Translation as violence?

“Translation rewrites a foreign text in terms that are intelligible and interesting to readers in the receiving culture. Doing so is akin to committing an act of ethnocentric violence by uprooting the text from the language and culture that gave it life. Translating into current, standard English at once conceals that violence and homogenizes foreign cultures.” –Lawrence Venuti, translator of Ernest Farres’ Edward Hopper: Poems (via language hat)


Oh, my. Violence.  With poetry.

“Browsing in a bookstore in Barcelona, I came across an intriguing project — who was this unknown poet tackling an American icon? Why Edward Hopper? Why in Catalan, a minor language?” said Venuti.

“Here the focus would be not just on the text, but the artwork; not only on the literary traditions of the receiving culture, but on the critical reception of the artist. The Catalan poetry held the promise of defamiliarizing a mythic American painter,” said Venuti.

Well, I had never heard of Hopper, but his diner painting is familiar. I’m not sure any translation could defamiliarize me with a painter I’ve never heard of, but Venuti has gone to the trouble of making a “lexicon” of Hopper’s language based on letters written by him and his wife for the purposes of translating the poems into what he says is typical language of Hopper’s time.

So is this all a bunch of hype , a dog and pony show to prod sales, or is Venuti “at the forefront of what might be called a translation renaissance”, as his university’s website says?

As an experiment, I’m going to try my hand at a little translation and then compare my results with Venuti’s to see who gets the more revolutionary result.  The originals in Catalan are pretty hard to find, but one has been selected to be visible in Amazon, the first link in the above quotation , so that’s the one I’m using.

Self Portrait, 1925-30

On escric tot aquest assortiment de versos

hi ha de fet l’Edward Hopper que els engendra

i que, bo i transcendent l’espai-temps, ve a donar-me

les consignes.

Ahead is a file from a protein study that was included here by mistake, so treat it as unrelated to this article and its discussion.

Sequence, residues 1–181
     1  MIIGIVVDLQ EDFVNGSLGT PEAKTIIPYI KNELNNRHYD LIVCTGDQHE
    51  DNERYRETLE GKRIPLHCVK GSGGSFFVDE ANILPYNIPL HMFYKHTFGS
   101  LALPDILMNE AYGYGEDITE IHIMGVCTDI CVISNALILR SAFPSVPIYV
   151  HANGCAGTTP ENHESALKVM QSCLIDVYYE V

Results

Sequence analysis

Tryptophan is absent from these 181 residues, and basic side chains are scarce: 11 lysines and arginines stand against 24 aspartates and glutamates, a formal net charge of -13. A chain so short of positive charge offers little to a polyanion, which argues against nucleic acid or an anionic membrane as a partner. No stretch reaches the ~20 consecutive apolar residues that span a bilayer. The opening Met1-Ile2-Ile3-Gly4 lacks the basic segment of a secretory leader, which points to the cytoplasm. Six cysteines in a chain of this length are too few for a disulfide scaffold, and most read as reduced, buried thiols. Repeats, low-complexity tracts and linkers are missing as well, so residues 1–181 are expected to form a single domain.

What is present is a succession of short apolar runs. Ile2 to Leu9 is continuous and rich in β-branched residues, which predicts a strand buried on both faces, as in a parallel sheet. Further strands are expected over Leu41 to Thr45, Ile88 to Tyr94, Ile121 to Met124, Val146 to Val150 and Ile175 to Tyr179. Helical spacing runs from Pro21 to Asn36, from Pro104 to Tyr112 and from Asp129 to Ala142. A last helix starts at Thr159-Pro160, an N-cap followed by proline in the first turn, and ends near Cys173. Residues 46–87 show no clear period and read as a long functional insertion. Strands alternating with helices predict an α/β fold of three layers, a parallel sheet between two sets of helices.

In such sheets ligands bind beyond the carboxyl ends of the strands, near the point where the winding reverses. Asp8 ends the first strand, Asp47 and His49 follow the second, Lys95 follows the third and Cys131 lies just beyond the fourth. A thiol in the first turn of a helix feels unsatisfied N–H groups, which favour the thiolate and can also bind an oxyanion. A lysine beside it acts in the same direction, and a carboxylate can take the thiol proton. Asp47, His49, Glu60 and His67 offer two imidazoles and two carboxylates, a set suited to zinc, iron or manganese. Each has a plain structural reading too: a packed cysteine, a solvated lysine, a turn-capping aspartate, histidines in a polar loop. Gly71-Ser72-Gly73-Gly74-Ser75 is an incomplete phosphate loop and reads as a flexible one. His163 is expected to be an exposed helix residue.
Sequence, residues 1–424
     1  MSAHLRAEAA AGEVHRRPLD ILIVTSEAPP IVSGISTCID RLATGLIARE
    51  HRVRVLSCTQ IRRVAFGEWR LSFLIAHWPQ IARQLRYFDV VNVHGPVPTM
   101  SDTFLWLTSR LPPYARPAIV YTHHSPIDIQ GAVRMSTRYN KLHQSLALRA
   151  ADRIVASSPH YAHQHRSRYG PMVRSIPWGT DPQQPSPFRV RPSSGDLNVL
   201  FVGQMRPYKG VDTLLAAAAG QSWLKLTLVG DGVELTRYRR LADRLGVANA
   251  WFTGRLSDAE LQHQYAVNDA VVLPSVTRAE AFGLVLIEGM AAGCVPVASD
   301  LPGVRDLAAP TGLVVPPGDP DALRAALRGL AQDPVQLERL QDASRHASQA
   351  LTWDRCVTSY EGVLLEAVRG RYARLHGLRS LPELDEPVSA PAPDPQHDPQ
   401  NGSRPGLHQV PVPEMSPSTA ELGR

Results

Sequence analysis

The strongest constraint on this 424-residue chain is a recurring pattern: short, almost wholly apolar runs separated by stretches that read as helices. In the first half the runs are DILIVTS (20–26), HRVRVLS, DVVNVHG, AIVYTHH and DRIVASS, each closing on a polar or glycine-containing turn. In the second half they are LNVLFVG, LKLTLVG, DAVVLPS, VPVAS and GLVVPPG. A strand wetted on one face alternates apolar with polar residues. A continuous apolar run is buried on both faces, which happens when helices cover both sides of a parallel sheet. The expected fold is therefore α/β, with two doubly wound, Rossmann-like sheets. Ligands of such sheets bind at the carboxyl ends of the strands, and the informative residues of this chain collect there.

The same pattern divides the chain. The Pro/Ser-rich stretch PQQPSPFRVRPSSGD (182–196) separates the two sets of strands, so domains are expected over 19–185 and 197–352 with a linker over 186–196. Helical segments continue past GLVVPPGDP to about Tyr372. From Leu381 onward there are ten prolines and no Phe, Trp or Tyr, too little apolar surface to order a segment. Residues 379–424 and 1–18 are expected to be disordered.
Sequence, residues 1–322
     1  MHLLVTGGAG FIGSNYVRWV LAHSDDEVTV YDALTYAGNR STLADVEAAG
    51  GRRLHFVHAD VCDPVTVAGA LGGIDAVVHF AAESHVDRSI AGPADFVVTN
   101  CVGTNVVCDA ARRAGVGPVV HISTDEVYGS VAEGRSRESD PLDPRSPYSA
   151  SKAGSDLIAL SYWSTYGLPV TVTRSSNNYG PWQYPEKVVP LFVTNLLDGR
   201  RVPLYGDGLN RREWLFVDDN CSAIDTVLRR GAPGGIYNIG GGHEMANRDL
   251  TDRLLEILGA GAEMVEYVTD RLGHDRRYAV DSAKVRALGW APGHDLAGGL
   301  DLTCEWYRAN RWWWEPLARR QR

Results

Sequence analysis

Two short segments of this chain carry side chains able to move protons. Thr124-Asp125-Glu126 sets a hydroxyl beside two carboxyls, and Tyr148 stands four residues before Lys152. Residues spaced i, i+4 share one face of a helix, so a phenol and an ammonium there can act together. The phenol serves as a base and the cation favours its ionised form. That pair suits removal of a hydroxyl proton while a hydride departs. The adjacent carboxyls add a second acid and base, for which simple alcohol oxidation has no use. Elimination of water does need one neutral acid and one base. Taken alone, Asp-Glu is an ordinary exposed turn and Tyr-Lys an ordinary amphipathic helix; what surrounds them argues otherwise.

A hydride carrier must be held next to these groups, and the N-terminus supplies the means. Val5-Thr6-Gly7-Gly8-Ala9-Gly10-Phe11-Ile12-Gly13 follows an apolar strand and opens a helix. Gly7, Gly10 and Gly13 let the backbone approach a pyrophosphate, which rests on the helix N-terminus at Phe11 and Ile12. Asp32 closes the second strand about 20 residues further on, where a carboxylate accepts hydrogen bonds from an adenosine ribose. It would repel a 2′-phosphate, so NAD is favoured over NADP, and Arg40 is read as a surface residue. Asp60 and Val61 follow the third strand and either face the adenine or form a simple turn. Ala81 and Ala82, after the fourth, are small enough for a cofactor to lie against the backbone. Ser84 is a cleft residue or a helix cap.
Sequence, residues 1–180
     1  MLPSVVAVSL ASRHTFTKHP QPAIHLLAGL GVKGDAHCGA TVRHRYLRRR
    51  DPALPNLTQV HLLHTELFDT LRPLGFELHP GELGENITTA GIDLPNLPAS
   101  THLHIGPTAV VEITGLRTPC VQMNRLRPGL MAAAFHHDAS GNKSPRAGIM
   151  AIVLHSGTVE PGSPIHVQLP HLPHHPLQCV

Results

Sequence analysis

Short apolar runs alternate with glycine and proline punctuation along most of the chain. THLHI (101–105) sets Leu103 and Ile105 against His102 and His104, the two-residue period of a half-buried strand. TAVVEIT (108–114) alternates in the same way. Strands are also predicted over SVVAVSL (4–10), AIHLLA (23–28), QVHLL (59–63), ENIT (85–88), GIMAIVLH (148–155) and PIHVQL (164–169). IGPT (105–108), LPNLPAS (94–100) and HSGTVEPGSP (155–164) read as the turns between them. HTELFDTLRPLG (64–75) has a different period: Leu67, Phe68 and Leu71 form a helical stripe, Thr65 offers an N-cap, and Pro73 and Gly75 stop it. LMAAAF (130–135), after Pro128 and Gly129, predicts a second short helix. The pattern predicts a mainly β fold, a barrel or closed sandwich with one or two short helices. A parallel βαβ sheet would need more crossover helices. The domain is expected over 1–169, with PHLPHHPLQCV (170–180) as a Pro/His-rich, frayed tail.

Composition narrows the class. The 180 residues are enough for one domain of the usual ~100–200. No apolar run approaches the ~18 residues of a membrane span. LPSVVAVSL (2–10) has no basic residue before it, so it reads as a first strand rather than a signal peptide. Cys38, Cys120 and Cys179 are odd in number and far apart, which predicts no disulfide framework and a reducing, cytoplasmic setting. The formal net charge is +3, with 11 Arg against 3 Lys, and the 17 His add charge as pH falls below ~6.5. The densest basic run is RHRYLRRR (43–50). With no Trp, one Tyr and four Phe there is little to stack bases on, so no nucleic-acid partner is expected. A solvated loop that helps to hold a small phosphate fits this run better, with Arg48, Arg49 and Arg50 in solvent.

El seu autoretrat

és, com li agradaria al fantasista Borges,

un mirall que reprodueix no tant

el rostre del pintor com el reflex estàtic

de la meva imatge.  Podem ben creure-ho:

Hopper i jo formem una sola persona.

El seu posat tranquil i seriós,

les corbes de la cara o els tips d’embadalir-se

que s’han fet els seus ulls sense cap dubte

m’incumbeixen.  Si Goethe es reencarnà en Kafka,

Hopper en una transmigració

plena d’encert ho féu en mi i així, prenent

el cos d’un poeta, aconseguirà

que el seu llegat artístic es prolongui en el temps

(al final només resta la paraula,

la poesia).

L’home del quadre ja no és

aquell pintor prim com un tel de ceba

que va venir de jove a Europa trencar el glaç,

sinó el pintor casat, de vida estable,

que mostrarà el seu món personal reflectint

profusament ciutats, paisatges, dones.

(“No faig,” va dir, “sinó pintar-me a me mateix.”)

Erra qui veu representacions

d’América del Nord on de debo bateguen

els tràfecs de la solitud humana,

on intuïm les pors, obsessions, neguits.

dilemes o estats d’ànim de l’artista

i hi apareix la Jo, l’omnipresent esposa.

Com la pintura emmarcada, també

les abundants finestres i portes són miralls.

“No faig sinó pintar-me a mi mateix.”

No expressen els poetes el seu pensament propi?

Condemnat tot a ser una sola cosa,

en un ésser vivent vam fondre’ns ell i jo:

els seus neguits o estats d’ànim són meus

i a la vegada els meus són de tots a la llum

d’una mateixa lluna arreu del món.


Self Portrait, 1925-30 (Nijma translation)

In writing this assortment of verses